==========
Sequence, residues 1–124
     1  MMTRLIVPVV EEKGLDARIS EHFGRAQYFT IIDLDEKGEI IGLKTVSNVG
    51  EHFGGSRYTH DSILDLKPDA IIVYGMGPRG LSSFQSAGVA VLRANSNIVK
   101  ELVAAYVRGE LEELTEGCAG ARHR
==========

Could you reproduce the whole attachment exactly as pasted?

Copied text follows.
Sequence, residues 1–124
     1  MMTRLIVPVV EEKGLDARIS EHFGRAQYFT IIDLDEKGEI IGLKTVSNVG
    51  EHFGGSRYTH DSILDLKPDA IIVYGMGPRG LSSFQSAGVA VLRANSNIVK
   101  ELVAAYVRGE LEELTEGCAG ARHR